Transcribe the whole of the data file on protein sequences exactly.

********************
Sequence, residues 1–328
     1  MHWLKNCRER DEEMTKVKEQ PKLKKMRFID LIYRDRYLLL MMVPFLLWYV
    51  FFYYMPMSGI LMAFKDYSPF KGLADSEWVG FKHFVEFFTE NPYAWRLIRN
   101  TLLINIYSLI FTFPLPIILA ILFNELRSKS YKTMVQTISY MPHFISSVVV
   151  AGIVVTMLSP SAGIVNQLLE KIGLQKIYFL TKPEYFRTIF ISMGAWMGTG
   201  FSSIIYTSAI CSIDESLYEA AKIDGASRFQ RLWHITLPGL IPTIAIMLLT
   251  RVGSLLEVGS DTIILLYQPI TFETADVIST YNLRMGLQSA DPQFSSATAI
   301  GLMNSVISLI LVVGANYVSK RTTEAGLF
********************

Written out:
Sequence, residues 1–328
     1  MHWLKNCRER DEEMTKVKEQ PKLKKMRFID LIYRDRYLLL MMVPFLLWYV
    51  FFYYMPMSGI LMAFKDYSPF KGLADSEWVG FKHFVEFFTE NPYAWRLIRN
   101  TLLINIYSLI FTFPLPIILA ILFNELRSKS YKTMVQTISY MPHFISSVVV
   151  AGIVVTMLSP SAGIVNQLLE KIGLQKIYFL TKPEYFRTIF ISMGAWMGTG
   201  FSSIIYTSAI CSIDESLYEA AKIDGASRFQ RLWHITLPGL IPTIAIMLLT
   251  RVGSLLEVGS DTIILLYQPI TFETADVIST YNLRMGLQSA DPQFSSATAI
   301  GLMNSVISLI LVVGANYVSK RTTEAGLF